Arkansas State University files lawsuit against University of Miami over missed football game

by George Jared ([email protected]) 744 views 

The University of Miami opted to not play a scheduled football game against Arkansas State University in Jonesboro on Sept. 9, and now the two institutions are locked in a court battle.

ASU filed a lawsuit in Craighead County Circuit Court seeking $650,000, a buyout contractually agreed upon by both schools if the game wasn’t played. Miami decided not to play as Hurricane Irma was set to strike southern Florida a couple days after the game.

“It’s unfortunate that we have reached this point, but Miami’s actions left us with no choice. We look forward to proceeding to trial,” ASU System Counsel Brad Phelps said.

When the case will be adjudicated in court is unknown. ASU administrators have not commented on the issue due to the pending litigation. Phelps said last week Miami officials told him the school would not pay the $650,000 buyout, and the game could be rescheduled in 2024 or later. According to the original contract, the buyout was supposed to be paid by Feb. 15.

UM Athletic Director Blake James said “we believe strongly in our standing and will not comment further as both parties’ attorneys bring this to resolution,” according to the Miami Herald.

Phelps sent a letter earlier in February to the University of Miami’s general counsel outlining why the game should be rescheduled sooner or the buyout should be paid. Miami has open home dates in 2020 and 2021, but wouldn’t reschedule the ASU game on those dates.

ASU Athletics Director Terry Mohajir attempted to have the game moved to Sept. 8 and offered to pay up to $88,000 for a charter flight for the Miami football team to fly into nearby Memphis, the letter states. It was also noted that seven other Florida colleges and universities played games that weekend, and ESPN was willing to move the televised game to Sept. 8. Hotels could have been reserved in Jonesboro for the team if travel wasn’t possible, and ASU offered to let the team use its facilities to practice, the letter stated.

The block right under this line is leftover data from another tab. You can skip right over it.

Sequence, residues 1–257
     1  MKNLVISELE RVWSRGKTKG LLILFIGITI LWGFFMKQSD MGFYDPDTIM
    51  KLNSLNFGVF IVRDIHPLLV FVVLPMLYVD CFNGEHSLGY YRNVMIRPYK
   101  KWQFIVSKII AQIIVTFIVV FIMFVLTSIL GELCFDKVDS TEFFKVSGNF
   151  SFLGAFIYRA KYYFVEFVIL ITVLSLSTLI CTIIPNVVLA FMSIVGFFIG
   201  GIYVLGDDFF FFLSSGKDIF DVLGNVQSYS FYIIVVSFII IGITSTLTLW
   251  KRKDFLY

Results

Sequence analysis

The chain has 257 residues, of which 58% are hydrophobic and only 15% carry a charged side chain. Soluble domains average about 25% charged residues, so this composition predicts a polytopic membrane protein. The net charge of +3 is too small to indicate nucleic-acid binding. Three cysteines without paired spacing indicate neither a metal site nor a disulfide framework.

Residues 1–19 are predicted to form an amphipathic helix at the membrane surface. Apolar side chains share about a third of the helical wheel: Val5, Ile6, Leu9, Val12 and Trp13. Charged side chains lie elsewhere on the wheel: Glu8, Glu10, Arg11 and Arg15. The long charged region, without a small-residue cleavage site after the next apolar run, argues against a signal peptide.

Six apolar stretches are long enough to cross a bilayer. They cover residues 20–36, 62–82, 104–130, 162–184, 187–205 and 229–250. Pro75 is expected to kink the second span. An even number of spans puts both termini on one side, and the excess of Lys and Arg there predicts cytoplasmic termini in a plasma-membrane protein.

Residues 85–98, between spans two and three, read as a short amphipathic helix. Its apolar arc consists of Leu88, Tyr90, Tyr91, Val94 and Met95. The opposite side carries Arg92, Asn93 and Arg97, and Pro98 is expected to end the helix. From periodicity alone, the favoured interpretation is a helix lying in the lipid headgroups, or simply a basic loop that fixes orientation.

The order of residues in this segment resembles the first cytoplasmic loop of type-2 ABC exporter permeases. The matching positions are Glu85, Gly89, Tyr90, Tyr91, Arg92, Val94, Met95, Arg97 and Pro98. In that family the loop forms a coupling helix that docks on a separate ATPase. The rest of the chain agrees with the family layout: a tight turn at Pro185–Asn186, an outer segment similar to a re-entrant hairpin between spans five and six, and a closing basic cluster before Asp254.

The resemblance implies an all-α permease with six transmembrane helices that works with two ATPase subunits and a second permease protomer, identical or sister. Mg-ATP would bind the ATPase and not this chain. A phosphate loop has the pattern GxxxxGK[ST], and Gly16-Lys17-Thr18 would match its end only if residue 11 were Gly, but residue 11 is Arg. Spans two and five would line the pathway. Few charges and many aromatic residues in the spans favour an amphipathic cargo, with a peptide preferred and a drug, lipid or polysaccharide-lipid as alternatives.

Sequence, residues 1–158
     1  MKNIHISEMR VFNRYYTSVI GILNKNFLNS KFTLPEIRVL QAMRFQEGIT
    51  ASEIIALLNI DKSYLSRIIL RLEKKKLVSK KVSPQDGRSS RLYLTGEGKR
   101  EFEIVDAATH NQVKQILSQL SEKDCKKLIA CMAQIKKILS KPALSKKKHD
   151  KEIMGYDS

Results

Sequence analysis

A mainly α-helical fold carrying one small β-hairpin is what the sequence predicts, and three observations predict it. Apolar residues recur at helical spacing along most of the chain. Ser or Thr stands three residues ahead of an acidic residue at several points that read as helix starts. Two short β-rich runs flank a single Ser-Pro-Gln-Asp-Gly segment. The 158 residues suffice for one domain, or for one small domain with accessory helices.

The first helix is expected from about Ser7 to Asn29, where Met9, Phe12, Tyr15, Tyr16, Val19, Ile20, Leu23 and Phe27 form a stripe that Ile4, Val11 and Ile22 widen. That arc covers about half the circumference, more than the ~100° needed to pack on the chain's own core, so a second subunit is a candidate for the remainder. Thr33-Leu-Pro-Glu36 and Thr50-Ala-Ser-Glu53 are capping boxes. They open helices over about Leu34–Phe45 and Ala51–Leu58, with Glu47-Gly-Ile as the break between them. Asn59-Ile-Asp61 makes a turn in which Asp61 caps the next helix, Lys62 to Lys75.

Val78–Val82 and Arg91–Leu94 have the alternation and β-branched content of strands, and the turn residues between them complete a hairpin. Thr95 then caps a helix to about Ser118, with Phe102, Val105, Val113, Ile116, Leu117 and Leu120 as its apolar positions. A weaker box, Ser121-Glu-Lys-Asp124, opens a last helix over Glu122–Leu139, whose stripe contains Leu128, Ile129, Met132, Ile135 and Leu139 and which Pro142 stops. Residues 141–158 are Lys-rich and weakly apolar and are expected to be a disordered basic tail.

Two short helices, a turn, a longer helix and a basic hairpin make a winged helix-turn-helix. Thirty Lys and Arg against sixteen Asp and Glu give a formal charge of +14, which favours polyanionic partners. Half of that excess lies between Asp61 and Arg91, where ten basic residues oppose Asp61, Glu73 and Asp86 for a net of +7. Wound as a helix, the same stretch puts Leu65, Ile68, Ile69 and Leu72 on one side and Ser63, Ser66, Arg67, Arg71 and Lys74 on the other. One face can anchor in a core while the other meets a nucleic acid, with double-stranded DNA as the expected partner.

“Despite these offers, accommodations, and a number of unilateral efforts on behalf of ASU, Miami refused to appear. This refusal caused ASU, the community of Jonesboro and others significant harm,” the letter states.

ASU-Jonesboro Chancellor Dr. Kelly Damphousse talked to Miami President Dr. Julio Frenk to discuss a potential resolution. Mohajir contacted James and told him extending a two-game agreement beyond a decade would be detrimental to ASU. The schools played in Miami in 2013.

ASU home games generate $1.285 million in out-of-town tourist economic activity per game, according to a study conducted by ASU. A marquee opponent like Miami would have lured a better than average crowd, meaning the impacts are likely greater.

Most road opponents ask for 4,000 tickets for fans, but nationally recognized programs ask for upwards of 10,000. If 10,000 tickets had been sold, the tourism economic impacts would have ballooned to $4.251 million. The study didn’t tabulate spending by fans who live in the city correlating to the game or include tailgating.